Attorney General Eric Schneiderman today blasted the possible postponement of the fraught battle in Albany over extending or altering mayoral control of city schools, rent regulations and the 421a building tax abatement until next legislative session, arguing it would leave citizens of the state in limbo.
Mr. Schneiderman, a former Democratic state senator, argued that Gov. Andrew Cuomo, State Senate Majority Leader John Flanagan and Assembly Speaker Carl Heastie must resolve the current legislative impasse in the capital over the most divisive issues—or risk leaving New Yorkers in disarray. Assembly Housing Chair Keith Wright has proposed legislation that would extend existing rent laws—which tenant advocates argued are too friendly to landlords—for six months, and Mr. Cuomo has said he favors temporarily prolonging the 421a credit in its oft-maligned current state.
“Any period without clarity and certainty is bad for everyone. It’s bad for business. So that’s something that we have to deal with, that compels us to act quickly. Punting everything down the road for three months would not be a good situation,” Mr. Schneiderman told reporters after an unrelated press event today. “I look forward to them resolving these matters as soon as possible to give certainty to tenants, to give certainty to the real estate community, to developers and to others who are waiting for this very simple, straightforward set of laws that must be dealt with, to be resolved.”
The Democrat-dominated Assembly has sought to make the city’s rent laws more tenant-friendly while the Republican-run State Senate has sought to keep the current statutes mostly intact, and their failure to come to an agreement led to the regulations expiring entirely a week ago. The Senate GOP majority has aimed to preserve the 421a exemption in its present form, but Mr. Wright vowed not to allow the credit to be renewed unless reformed rent laws passed both bodies—and, in consequence, the abatement also has expired.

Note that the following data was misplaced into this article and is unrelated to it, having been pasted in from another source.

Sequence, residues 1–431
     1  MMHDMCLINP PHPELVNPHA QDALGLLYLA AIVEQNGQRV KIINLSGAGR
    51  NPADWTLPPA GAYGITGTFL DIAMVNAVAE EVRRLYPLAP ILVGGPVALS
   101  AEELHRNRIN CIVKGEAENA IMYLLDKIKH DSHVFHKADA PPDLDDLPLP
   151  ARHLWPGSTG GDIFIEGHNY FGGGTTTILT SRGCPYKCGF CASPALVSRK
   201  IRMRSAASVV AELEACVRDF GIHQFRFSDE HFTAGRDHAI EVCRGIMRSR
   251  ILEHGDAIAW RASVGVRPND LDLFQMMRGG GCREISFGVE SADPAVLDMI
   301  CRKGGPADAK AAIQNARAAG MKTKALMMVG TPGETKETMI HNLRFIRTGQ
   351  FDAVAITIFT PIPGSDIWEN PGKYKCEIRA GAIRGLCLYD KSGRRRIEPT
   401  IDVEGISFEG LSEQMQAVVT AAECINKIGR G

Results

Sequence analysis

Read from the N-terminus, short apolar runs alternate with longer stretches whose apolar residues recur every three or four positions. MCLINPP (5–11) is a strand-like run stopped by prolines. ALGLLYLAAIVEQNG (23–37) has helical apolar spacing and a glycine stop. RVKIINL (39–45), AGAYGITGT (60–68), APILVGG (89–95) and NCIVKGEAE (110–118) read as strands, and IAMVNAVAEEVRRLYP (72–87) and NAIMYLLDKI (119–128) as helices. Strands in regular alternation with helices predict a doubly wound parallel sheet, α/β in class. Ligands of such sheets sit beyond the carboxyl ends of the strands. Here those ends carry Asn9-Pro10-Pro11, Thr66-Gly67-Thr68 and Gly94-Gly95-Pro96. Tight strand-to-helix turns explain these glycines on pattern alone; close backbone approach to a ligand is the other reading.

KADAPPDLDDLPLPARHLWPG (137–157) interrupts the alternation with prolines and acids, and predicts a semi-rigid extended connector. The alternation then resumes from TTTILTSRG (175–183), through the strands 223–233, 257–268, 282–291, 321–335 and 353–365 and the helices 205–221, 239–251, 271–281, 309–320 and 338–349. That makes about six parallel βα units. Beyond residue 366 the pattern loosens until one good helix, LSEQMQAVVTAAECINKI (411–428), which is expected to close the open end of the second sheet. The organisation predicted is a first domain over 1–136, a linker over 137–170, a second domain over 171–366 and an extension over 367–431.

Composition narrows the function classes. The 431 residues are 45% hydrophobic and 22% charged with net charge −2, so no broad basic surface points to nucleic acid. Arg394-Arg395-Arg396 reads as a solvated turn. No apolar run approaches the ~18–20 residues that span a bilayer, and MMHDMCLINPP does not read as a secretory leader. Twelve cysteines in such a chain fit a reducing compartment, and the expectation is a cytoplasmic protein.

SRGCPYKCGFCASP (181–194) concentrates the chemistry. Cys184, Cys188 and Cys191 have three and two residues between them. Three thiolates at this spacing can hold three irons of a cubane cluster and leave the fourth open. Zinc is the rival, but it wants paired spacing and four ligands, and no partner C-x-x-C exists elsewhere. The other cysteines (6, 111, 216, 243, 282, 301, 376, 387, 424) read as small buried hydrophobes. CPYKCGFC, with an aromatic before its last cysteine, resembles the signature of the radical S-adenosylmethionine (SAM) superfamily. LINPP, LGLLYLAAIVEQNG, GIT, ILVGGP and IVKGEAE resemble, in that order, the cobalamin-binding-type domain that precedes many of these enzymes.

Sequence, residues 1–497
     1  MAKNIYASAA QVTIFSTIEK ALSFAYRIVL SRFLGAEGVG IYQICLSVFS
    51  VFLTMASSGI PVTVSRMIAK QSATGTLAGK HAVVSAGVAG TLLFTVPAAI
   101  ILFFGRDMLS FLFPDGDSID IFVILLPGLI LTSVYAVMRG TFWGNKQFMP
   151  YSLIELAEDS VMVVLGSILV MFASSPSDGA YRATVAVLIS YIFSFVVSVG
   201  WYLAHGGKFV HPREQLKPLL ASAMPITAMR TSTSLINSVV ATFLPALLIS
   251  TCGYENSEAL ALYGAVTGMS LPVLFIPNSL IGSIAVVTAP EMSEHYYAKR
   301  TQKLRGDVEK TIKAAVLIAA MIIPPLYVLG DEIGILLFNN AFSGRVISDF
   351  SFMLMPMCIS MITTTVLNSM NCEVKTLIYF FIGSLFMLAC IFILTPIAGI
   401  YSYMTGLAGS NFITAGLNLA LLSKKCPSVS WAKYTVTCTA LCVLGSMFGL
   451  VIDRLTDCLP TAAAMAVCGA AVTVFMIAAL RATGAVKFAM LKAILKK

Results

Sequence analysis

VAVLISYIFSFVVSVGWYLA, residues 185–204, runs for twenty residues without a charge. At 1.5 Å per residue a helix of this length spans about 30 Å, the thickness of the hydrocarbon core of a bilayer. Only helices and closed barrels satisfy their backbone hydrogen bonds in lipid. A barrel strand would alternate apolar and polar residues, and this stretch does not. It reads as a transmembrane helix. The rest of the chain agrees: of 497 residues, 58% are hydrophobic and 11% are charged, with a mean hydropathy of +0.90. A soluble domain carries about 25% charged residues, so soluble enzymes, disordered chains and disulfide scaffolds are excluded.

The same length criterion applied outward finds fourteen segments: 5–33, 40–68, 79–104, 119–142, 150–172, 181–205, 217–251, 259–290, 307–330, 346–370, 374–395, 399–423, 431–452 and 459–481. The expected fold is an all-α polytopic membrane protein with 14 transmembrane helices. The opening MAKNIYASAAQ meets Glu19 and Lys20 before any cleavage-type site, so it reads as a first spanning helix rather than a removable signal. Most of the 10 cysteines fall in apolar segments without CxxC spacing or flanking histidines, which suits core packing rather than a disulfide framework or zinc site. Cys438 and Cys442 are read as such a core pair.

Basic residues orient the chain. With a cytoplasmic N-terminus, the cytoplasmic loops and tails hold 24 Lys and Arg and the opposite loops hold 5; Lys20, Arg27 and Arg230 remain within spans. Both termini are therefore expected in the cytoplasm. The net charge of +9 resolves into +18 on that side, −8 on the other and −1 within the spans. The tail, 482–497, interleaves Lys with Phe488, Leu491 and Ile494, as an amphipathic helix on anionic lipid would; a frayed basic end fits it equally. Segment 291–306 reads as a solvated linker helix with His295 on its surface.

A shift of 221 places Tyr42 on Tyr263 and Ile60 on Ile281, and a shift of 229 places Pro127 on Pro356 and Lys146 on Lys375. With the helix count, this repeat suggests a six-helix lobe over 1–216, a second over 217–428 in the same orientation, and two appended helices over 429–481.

The legislative session was supposed to end last Wednesday, but the governor has detained the State Legislature in Albany to resolve the rent law dispute, and a five-day extension of the current regulations passed five days ago.
The attorney general, who is currently promoting a package of anti-corruption measures, called the current state of affairs “worse than most examples of the government in Albany.”
Activists have become increasingly critical of Mr. Cuomo for his lack of public appearances during the negotiations and for not introducing his own bill for reforming the regulations, though he has called for no longer allowing landlords to remove apartments from the rent control program if they become unoccupied. Mr. Schneiderman, often seen as an antagonist and potential challenger to Mr. Cuomo, argued the governor has tremendous power in the negotiations due to his position as executive.
“The governor has extraordinary leverage at the end of a session of what deals get—keep in mind, the governor can veto anything. The Assembly and the Senate can agree to a six bill package, but if the governor says ‘I’m vetoing two of them,’ that package is not done,” he said. “I’m not in the room, but he certainly does have leverage, and I trust that he’s exerting that.”
For his part, Mr. Schneiderman lashed out at vacancy decontrol and the “vacancy bonus” that allows property owners to hike the price on a stabilized apartment 20 percent if it becomes unoccupied.
“There is a structural incentive for landlords to get tenants out by any means necessary,” he said. “A landlord that might make a living just renting out a modest building now has a tremendous incentive, given the way the program is structured, to get the tenants out however they have to do it, because they can triple, quadruple, quintuple the value of the property.”